In the book of Acts, the Holy Spirit-filled believers speak in different languages to the gathered crowd. The crowd is amazed as they hear “them speaking in our own tongues the wonderful works of God” (Acts 2:11). Others, however, mock the disciples and claim that they are simply drunk. Peter gets up and connects the day’s events with the prophecy in Joel 2 and then launches into a powerful presentation of the gospel. This first sermon results in more than 3,000 people being baptized and a community of believers who worship, learn, fellowship, and eat together is born (Acts 2:40–47). Unfortunately, the producers of A.D. completely skipped this sermon and completely skipped the preaching the gospel in different tongues. Instead, they have the disciples immediately follow Peter to the temple.

Conflating the events recorded in Acts 2–3, the episode shows all of the disciples and those following them from the house encounter a lame man begging at the temple. Peter tells the beggar that he has no silver or gold but to rise up and walk in Jesus of Nazareth’s name. But in Acts we read that “Peter and John went up together to the temple” (Acts 3:1), and no mention is made of any of the other disciples being with them. Rather than just being Peter alone who, through Jesus, heals the man, as the episode shows, Scripture records that John was involved (Acts 3:4). After this healing, Scripture records another sermon from Peter that beautifully highlights the gospel and the need for the Israelites to repent and embrace their Savior, Jesus Christ.

Now, in the episode, Peter finally preaches his first sermon, but instead of using phrases taken from the Bible like “repent therefore and be converted, that your sins may be blotted out” (Acts 3:19), Peter’s sermon and the gospel is condensed down to “It’s through Jesus that this man walks again. God sent us His servant, Jesus, and God raised Him again from death. We are His witnesses and the Holy Spirit is with us and makes us strong.” He then adds, “Let all Israel know. God made Jesus Lord and Messiah. Join us, and you, too, will receive the Holy Spirit. Come, save yourselves from this cruel wo—.“ His sermon is cut short when a temple guard begins beating him. There is no mention of Christ’s atoning work on the Cross to pay the penalty for our sin, no mention of repentance, no connection of Jesus to Old Testament prophecy—really, there is no gospel presented at all! People did not receive the Holy Spirit by joining the Apostles. They received the Holy Spirit by repenting and believing in Christ (Acts 2:38). Rather than presenting the gospel as it is given in Scripture, the producers chose to water Peter’s sermons down theologically as well as dramatically cutting them in length.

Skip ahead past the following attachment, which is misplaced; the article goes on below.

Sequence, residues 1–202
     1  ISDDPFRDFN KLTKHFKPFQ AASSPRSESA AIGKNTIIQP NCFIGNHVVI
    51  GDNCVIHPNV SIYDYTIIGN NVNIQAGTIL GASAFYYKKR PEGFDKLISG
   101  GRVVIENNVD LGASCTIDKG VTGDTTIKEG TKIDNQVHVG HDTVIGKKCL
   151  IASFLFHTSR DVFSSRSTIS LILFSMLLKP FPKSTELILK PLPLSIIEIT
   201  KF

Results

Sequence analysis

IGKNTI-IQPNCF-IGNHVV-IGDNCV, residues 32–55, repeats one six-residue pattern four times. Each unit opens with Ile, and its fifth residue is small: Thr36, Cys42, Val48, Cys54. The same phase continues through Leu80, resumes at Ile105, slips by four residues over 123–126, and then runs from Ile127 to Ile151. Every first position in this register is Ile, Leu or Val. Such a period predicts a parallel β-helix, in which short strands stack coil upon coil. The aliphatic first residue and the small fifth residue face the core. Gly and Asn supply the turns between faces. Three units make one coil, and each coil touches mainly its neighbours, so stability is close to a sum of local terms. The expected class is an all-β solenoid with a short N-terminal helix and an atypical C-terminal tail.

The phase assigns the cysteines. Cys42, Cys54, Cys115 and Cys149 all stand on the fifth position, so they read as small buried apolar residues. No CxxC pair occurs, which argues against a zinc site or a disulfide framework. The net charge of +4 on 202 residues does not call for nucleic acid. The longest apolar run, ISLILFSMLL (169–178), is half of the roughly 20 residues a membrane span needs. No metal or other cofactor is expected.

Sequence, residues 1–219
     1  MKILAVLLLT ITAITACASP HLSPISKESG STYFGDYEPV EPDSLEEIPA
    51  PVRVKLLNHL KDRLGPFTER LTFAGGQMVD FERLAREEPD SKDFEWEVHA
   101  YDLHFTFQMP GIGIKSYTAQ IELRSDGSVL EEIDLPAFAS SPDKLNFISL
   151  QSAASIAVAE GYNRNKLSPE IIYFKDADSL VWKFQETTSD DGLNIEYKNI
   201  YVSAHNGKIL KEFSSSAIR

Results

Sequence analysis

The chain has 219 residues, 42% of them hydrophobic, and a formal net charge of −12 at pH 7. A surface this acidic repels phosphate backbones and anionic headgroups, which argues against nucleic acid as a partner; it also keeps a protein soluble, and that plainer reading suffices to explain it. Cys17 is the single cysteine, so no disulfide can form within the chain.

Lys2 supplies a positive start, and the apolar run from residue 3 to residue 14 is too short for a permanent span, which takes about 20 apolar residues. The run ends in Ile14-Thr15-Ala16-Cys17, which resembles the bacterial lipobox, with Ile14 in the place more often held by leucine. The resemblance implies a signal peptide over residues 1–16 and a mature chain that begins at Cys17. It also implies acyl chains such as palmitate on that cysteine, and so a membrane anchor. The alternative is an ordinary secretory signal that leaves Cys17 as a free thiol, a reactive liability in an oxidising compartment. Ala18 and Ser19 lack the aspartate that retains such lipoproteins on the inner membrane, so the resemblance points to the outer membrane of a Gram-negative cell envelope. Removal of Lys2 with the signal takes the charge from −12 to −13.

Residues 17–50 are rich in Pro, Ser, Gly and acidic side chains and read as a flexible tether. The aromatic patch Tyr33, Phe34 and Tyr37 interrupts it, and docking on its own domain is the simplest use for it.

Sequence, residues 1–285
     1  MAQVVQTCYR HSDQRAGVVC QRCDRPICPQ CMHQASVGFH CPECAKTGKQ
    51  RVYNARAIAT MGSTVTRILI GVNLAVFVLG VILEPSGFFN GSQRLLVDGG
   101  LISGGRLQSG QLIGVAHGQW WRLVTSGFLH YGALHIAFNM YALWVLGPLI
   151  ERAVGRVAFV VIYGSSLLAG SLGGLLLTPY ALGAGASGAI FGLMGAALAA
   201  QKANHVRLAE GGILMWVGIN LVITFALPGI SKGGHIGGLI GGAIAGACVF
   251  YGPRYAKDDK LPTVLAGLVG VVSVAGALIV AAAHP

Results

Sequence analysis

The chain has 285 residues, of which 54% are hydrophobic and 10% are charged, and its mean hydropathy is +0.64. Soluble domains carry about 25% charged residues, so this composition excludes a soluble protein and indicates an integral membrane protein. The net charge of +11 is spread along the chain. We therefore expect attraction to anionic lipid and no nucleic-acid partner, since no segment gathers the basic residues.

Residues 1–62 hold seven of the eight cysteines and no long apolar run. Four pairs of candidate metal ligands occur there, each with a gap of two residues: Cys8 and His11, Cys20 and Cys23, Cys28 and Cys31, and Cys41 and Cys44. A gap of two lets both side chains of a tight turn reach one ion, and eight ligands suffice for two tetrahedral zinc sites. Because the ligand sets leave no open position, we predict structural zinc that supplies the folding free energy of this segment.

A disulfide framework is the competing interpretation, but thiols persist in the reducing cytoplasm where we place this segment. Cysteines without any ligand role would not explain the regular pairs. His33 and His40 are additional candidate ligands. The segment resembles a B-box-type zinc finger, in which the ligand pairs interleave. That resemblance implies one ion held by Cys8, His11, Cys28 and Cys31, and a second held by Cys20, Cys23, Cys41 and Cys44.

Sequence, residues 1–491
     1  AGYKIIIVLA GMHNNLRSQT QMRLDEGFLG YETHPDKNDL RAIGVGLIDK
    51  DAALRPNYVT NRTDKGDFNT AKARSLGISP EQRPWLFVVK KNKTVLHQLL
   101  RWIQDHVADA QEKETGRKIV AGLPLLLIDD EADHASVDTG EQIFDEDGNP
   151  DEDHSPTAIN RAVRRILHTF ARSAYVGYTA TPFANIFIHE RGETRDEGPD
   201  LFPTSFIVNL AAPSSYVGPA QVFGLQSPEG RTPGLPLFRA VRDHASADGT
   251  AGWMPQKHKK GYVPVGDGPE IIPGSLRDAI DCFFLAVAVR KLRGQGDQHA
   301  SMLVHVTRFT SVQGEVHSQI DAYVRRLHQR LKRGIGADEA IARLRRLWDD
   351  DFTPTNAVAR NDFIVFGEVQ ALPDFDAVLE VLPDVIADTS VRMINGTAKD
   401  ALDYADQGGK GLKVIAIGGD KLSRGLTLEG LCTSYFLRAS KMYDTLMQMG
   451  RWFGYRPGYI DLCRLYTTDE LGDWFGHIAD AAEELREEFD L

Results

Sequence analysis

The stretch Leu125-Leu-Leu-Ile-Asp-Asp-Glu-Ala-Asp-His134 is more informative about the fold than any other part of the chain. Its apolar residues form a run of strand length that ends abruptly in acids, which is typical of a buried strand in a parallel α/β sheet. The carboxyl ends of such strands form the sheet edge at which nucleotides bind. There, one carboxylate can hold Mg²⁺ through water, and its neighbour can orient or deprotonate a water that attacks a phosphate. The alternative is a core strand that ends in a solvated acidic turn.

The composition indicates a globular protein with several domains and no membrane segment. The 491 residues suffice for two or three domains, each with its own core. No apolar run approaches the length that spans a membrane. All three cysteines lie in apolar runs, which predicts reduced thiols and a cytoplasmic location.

Now, in accordance with Acts 4:1–3, Peter and John were arrested and hauled off to prison. During their stay, Mary Magdalene visits and tells them that many people were coming to them, maybe even thousands. This number matches with Scripture, which tells us that after Peter and John were arrested “many of those who heard the word believed; and the number of the men came to be about five thousand” (Acts 4:4). The episode ends with Peter and John in jail and Caiaphas arriving at the prison to see them.

This third episode was very disappointing. More focus was given to events completely foreign to Scripture, than was given to what we know actually happened, based on Scripture. For being a series titled A.D. The Bible Continues they certainly aren’t placing much emphasis on what the Bible actually says. Instead, they are choosing to concentrate more on what they imagine might have happened between the government and the zealots than on the actual start and spread of the church!

The purposeful watering down of Peter’s sermons in Acts 2 and 3 into a “Jesus is alive and has the power to heal you” message is a severe misrepresentation of Scripture at best, and an outright denial of Scripture—and the gospel!—at worst. The producers’ handling of the beginning of Acts was shameful and was an obvious attempt to avoid a clear presentation of the gospel. They turned Pentecost, one of the greatest moments in history and one of the defining moments in church history, into a side story and stripped it almost entirely of its gospel emphasis. It appears that our prior concerns that the neglect of the gospel was setting the tone for future episodes was accurate.

It’s disappointing to see what could have been a fantastic evangelistic opportunity wasted. Still, I encourage you to do as Paul did in Acts 17 when he took something that was common to the culture, a pagan altar, and used it as a springboard to preach the message of the gospel. Use this episode to show people what’s missing—the true message of the gospel of Jesus Christ!

Thanks for stopping by and thanks for praying,

This item was written with the assistance of AiG’s research team.

*All quotations from the episode are taken from the subtitles provided by NBC in the video on its website.